Segments in this Video

First Person Singular: I.M. Pei: Introduction (03:54)


I.M. Pei likes signing autographs and hearing feedback from visitors. The architect explains that he enjoys making constant variations upon a single theme.

Louvre Museum: Phase I (06:59)

The French Government invited Pei to France to undertake the remodel in 1983. The design included urban planning, classical architecture, engineering, and modern themes. Pei describes how he came to the conclusion that the center of gravity should include an entrance.

Pei: Childhood (05:42)

Pei prefers not to label different types of architecture. The architect was born in Guangzhou and drew inspiration from his family garden. After his mother died, he moved to Shanghai with his father.

Pei: Education (06:29)

Pei decided to enroll at the University of Pennsylvania, but left before classes began. The dean at Massachusetts Institute of Technology advocated he leave and become and architect. Walter Gropius led the Bauhaus style.

Influence of Geometry (03:10)

Lei wanted to create a transparent pyramid so the palace of the Louvre would retain its importance. Inspired by the American Cup sailing boats, the architect used high tension cables to support the pyramid.

Bank of China Building (04:32)

Upon completion, Pei's tower stood the tallest building in Asia. Wind in Hong Kong blows twice as hard as New York. His design required much less steel and columns.

Webb and Knapp Years (05:43)

Pei could not return to China after the communist revolution occurred and became an American citizen. William Zeckendorf hired the architect to design buildings.

NCAR (04:09)

Walter Orr Roberts hired Pei to design the National Center for Atmospheric Research. Loo is Pei's best critic and helper.

Tower of Angels (02:19)

Pei designs a bell tower for a religious movement called Shinji Shumeikai. Bachi inspired the design.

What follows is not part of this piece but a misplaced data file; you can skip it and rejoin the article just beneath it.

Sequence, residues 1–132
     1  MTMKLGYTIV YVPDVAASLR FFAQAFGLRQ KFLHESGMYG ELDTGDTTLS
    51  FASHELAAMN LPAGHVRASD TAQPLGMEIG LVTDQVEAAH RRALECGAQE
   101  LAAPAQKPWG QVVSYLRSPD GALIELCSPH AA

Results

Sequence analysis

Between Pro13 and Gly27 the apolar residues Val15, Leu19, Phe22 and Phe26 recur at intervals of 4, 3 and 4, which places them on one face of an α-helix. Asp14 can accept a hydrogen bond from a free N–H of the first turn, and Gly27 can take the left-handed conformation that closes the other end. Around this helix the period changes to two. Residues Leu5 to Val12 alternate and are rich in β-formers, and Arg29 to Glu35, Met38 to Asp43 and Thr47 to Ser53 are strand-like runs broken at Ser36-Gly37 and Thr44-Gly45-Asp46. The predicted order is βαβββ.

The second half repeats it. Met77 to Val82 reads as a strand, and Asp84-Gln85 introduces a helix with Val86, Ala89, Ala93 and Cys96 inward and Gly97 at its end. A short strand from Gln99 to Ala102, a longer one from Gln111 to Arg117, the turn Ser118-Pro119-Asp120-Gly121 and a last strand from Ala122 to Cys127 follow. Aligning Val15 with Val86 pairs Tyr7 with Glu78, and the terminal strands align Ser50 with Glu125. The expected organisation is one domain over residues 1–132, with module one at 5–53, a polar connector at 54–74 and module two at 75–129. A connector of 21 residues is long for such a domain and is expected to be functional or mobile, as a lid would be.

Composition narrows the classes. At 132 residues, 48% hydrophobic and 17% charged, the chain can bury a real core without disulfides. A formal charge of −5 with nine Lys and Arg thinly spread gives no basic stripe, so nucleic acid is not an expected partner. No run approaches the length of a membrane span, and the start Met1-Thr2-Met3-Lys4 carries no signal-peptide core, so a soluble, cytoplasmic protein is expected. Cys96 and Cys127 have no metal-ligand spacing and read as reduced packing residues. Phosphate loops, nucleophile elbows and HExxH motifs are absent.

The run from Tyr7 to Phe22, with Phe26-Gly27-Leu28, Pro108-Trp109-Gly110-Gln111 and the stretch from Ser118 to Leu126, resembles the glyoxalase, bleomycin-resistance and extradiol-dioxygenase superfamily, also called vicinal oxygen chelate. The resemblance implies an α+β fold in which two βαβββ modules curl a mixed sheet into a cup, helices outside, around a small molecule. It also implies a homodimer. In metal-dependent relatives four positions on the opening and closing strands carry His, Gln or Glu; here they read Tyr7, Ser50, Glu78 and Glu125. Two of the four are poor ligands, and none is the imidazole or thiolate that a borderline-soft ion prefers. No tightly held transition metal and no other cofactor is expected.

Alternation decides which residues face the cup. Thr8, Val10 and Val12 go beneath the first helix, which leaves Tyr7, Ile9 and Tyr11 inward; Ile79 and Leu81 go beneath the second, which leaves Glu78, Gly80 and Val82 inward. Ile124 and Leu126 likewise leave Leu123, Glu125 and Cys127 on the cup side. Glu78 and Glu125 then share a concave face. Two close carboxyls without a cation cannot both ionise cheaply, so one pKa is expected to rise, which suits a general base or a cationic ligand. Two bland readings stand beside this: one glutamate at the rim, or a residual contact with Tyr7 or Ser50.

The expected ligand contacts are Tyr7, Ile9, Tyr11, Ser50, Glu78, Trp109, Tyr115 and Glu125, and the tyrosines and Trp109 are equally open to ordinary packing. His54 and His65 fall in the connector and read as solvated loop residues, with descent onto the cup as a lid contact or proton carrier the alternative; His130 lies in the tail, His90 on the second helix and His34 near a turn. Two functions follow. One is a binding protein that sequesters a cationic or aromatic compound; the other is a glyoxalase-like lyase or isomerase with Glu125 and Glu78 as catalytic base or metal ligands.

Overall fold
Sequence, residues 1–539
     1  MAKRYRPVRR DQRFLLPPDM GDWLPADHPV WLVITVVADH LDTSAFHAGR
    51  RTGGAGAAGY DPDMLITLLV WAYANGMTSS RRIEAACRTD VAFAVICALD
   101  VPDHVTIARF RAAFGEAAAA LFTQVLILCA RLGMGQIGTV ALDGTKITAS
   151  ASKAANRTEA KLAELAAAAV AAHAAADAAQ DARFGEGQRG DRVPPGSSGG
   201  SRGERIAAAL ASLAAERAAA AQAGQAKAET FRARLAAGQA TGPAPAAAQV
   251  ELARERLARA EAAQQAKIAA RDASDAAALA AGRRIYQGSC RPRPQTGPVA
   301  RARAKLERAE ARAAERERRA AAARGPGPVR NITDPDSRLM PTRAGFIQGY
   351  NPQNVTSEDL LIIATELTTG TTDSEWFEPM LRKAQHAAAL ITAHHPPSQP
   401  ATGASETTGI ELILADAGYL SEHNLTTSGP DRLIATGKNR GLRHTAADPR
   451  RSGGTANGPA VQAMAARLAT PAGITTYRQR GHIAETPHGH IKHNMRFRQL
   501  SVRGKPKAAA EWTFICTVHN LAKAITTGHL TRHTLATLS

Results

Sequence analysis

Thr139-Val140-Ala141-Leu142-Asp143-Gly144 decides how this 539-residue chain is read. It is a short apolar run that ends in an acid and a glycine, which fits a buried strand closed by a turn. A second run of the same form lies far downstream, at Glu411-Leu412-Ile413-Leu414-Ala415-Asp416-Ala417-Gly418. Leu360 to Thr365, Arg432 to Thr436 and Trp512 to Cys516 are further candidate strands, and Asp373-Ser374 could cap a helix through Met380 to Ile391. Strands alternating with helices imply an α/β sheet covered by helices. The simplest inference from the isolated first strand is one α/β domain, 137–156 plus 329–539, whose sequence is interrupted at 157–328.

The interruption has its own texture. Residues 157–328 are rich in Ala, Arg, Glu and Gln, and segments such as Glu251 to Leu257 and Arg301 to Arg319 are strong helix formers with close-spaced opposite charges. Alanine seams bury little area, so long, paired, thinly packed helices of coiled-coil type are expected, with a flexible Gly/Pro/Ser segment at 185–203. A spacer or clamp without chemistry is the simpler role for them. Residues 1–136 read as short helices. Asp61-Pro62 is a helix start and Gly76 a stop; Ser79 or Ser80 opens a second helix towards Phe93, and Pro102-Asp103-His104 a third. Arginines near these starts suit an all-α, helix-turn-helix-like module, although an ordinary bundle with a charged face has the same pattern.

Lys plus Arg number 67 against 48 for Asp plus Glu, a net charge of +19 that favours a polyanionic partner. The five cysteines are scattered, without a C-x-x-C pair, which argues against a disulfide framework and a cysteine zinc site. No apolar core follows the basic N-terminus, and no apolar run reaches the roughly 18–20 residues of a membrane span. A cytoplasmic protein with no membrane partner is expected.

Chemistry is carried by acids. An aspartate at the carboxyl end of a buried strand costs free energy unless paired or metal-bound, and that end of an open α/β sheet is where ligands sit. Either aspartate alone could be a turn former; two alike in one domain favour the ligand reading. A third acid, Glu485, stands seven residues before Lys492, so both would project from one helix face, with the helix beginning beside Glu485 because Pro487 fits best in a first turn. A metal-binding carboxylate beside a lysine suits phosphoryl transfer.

Miho Museum (08:57)

Pei is designing a museum to house the artwork of Kaishu Koyama. The architect discusses his inspiration of peach blossom valley and visits the site. Most of the museum will be located underground.

Kennedy Library (03:31)

Pei competed to design the Kennedy Library in front of his family. William Walton called the architect to inform he was selected. Problems plagued the project from the outset.

Damage to Pei and Associates' Reputation (02:10)

Henry Cobb designed the John Hancock tower in Boston. Critics emerged after the windows fractured in winds.

National Gallery East Building (08:20)

Pei divided the plot of land into two separate triangles and wanted to compliment the 19th century design of the west building. The architect discusses several elements of the design.

Rock and Roll Hall of Fame (04:29)

Pei's architecture defined the design of public places. The architect and investors meet with the press during the grand opening in Cleveland, Ohio.

Meyerson Symphony Center (06:40)

Pei describes how each building and country culture is unique. The city of Dallas asked the architect to design a concert hall. A space moves with an infinite amount of vanishing points.

Conclusion—First Person Singular: I.M. Pei (07:15)

The designer advocates visiting architectural sites and traveling instead of reading about architecture. Sources need to be rooted in the past to design for the future. Six million people tour the Louvre annually because of its urban planning features and beauty.

Credits— First Person Singular: I.M. Pei (01:07)

Credits— First Person Singular: I.M. Pei

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First Person Singular: I.M. Pei

3-Year Streaming Price: $169.95



This program profiles the man responsible for some of the most triumphant architecture of the 20th century: architect I.M. Pei. He discusses the triumphs (and failures) of his career, and the primary artistic and intellectual influences reflected in the sweeping simplicity of his designs, from the Kennedy Presidential Library to the Rock and Roll Hall of Fame in Cleveland, Ohio. Pei also talks about his more recent projects, as viewers follow him from the sites of some of his most famous works, including one of his most impressive: the 1983 renovation of the Louvre, a project not without its political and architectural controversies. The program sheds light on how Pei has incorporated his admiration of art and his love of people into his own architectural style, thereby meeting the challenge of uniting form with both function and structure.

Length: 86 minutes

Item#: BVL151072

Copyright date: ©1997

Closed Captioned

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